Boeing, Ford, GM: What's next in China?
The companies head east for growth, but the route is not necessarily smooth.
By Ted Reed, TheStreet
Boeing's recently released current market outlook, the leading annual forecast of air transportation growth, underscores China's importance. Boeing said 2010-30 air traffic within China will grow at 7.5%, compared with 7% in the Asia Pacific region, 4% in Europe and 2.3% in North America. In 2010, the Asia Pacific region was the world's biggest air travel market for the first time, Boeing said.
Meanwhile, a new report by Standard & Poor's notes that China auto sales reached 18 million in 2010, compared with 11.5 million in the U.S. China was easily the world's largest light-vehicle market.
Among U.S. companies, GM is a leader in promoting its interest in China, where it is the automotive market leader. In February, CEO Dan Akerson called China "the crown jewel in the GM universe."
Yet it is clear that China is far from a sure bet for anyone.
"China is both an opportunity and a risk for investors in particular companies," said Michael Yoshikami, a frequent visitor to China and the chief investment strategist at Bay Area firm YCMNET Advisors, which manages about $1 billion in assets.
"It's been a huge opportunity for automakers as they continue to push into China markets, but it's also a challenge, because China's ultimate goal is to become a manufacturer and they recognize that to continue to grow they need to be not just a manufacturer of cheap goods but a manufacturer of technology," Yoshikami said.
In aircraft manufacturing, China's stated goal is to compete with Boeing and Airbus. Commercial Aircraft Corp. of China, or Comac, says its single-aisle jet, the C919, will enter service in 2016 and already has 100 orders, primarily from Chinese airlines.
Boeing keeps a close eye on jet manufacturing in China, Randy Tinseth, Boeing's vice president of marketing, said on a recent conference call with reporters. "China, Brazil, Russia, Japan -- we watch this very carefully," he said. "That is where our next competition will come from." He spoke specifically of regional jet manufacturing, expected to lead inevitably to bigger jet manufacturing.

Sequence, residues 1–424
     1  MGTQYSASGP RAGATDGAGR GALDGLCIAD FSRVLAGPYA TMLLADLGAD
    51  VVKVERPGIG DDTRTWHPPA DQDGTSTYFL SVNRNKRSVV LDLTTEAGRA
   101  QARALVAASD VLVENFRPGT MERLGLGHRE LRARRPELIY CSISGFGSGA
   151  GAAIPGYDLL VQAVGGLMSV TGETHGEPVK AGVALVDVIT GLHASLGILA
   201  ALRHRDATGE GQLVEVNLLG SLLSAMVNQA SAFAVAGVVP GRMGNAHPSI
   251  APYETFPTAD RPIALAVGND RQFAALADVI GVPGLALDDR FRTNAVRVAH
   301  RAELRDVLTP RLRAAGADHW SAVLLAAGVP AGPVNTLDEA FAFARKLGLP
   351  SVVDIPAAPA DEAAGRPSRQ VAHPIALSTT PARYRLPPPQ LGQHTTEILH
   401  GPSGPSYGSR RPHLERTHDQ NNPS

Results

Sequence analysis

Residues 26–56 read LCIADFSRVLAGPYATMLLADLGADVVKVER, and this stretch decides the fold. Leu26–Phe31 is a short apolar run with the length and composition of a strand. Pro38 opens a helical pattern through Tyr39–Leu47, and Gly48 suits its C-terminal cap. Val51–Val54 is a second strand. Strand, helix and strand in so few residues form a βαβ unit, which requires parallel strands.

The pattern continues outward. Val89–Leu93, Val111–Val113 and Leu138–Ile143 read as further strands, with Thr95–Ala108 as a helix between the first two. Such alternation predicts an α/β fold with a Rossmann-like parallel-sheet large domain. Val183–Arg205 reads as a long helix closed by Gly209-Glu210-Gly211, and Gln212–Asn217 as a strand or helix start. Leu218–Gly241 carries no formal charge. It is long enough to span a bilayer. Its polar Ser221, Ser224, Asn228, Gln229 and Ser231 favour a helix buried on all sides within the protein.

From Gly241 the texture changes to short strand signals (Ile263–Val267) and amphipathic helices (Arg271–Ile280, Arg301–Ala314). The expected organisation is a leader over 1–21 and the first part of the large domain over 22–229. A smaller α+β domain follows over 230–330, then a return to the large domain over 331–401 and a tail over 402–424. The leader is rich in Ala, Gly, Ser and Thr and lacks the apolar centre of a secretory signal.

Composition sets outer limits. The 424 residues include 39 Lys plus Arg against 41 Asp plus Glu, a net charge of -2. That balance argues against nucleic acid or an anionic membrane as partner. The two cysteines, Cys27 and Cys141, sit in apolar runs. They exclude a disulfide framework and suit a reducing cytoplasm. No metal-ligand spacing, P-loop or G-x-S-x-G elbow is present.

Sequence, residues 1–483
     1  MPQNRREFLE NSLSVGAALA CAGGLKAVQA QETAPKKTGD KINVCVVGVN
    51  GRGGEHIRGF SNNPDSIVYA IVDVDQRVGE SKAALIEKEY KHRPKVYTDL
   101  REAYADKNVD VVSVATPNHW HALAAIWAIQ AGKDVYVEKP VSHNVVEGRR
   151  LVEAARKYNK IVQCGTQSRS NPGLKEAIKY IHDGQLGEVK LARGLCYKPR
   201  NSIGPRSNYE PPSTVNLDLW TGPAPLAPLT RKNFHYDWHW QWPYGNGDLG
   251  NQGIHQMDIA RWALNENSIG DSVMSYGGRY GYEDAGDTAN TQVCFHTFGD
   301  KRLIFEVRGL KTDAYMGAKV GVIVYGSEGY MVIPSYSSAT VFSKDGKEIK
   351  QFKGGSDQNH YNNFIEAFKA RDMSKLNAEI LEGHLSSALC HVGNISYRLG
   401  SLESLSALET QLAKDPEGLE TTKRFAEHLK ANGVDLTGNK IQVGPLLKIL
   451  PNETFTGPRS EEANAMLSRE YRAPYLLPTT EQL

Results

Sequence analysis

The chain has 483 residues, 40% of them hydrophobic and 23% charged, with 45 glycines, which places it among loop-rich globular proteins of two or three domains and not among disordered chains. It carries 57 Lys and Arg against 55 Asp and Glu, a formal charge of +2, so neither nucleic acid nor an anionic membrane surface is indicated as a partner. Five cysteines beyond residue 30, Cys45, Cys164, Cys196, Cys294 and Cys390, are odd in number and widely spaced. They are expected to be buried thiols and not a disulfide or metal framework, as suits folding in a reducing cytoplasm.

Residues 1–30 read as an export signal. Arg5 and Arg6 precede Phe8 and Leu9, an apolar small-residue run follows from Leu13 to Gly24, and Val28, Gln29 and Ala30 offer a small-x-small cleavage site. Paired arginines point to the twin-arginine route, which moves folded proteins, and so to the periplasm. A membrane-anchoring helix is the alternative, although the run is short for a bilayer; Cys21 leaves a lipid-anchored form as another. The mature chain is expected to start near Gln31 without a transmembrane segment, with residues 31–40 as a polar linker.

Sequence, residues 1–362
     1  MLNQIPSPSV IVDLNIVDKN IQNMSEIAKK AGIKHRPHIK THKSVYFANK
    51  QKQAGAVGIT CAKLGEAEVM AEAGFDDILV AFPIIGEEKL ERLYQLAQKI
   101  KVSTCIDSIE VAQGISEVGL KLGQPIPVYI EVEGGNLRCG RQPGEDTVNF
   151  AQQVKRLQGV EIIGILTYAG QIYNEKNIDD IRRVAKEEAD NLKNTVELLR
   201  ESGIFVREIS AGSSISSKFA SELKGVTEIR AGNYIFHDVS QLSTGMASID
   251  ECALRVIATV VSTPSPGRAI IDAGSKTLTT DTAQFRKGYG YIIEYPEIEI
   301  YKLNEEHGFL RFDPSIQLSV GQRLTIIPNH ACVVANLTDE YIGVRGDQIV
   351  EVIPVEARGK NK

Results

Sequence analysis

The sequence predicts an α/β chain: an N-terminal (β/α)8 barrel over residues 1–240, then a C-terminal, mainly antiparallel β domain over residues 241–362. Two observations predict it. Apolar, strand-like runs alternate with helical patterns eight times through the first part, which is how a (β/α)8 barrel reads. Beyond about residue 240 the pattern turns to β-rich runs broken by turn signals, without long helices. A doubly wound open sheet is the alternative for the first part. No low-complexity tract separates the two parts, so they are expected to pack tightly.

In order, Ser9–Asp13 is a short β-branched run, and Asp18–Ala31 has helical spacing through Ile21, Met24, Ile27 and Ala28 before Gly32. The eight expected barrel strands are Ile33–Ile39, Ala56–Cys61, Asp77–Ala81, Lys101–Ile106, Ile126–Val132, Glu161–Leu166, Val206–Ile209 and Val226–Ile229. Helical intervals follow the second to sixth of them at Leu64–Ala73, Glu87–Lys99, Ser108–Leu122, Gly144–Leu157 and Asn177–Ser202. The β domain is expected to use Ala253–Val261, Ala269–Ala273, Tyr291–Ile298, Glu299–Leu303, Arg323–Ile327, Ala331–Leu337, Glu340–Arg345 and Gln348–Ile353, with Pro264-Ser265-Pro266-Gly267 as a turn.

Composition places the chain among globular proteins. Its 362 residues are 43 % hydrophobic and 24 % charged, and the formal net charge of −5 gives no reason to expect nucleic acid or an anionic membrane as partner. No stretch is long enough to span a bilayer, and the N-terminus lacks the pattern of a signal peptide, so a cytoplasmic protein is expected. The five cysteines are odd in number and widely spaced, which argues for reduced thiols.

Aviation consultant Robert Mann said that while Chinese manufacturers are gearing up to build big jets, "you wonder how much demand they will satisfy," even within Asia, given the long leads that Airbus and Boeing have acquired and their established ability to support aircraft. "The toughest barrier to breaking outside China would be the support requirements," he said.
But Yoshikami reminded that China's target market will be Asia, "where there will be much more comfort with Chinese planes," than in the U.S. and Europe. Who needs the U.S. and Europe anyway, given their slow growth? "The aircraft market is a 25-year to 30-year forward industry, because of the lead time needed to develop planes, and that is how the Chinese look at it," Yoshikami said.
Auto sales' trickling growth
On the auto side, sales in China are projected to climb steadily throughout the decade. "Even as the economy and vehicle demand recover in the U.S. and sales creep back toward 17 million cars by 2018, sales in China of passenger and commercial vehicles together could be headed toward 33 million by then," J.D. Power analyst Jeff Schuster wrote in a recent report.
"Longer term, car sales in China seem likely to go nowhere but up," Schuster said, noting that today only 50 in every 1,000 Chinese citizens own a car, half the ratio in Brazil, one sixth of the ratio in Russia, and about 5% of the rate in the U.S. Beyond 2013, Schuster projects Chinese passenger vehicle sales growth between 7% and 9%, about the rate at which Boeing projects air traffic growth.
In the short term, however, China sales are slowing. Schuster said he recently cut his 2011 forecast for Chinese light-vehicle sales to 18.4 million units, representing a 6% increase over 2010. Vehicle sales rose 32% in 2010.
The reasons, Standard & Poor's said, include reinstatement of a 10% sales tax rate on small cars, a phase-out of subsidies for vehicle trade-ins in rural areas and restrictions on the issuance of new license plates in Beijing, with a lottery for new plates. Since 2005, the number of autos in Beijing has risen 85% to about 4.8 million. But while Beijing has many more cars, it does not have a lot more roads to put them on, Yoshikami said.
Additionally, "rising oil prices, elevated raw material costs, high inflation and hikes in interest rates are eroding purchasing power and dampening consumer sentiment in Asian economies," S&P said. "That, together with all-inclusive macroeconomic policy regulations, has resulted in an economic slowdown in the fastest growing region of the globe, (leading to) a drop in auto sales in most of the economies, which are already feeling the pinch of the Japanese earthquake."
In terms of the shares of U.S. automakers, investors could make a choice based on their China view. In China, GM has a market share of about 14%, a good position for the long term, while Ford's (F) share is about 2.5%, probably better in the short term.
Of course, Ford is working hard to grow its share in China --- but who isn't?
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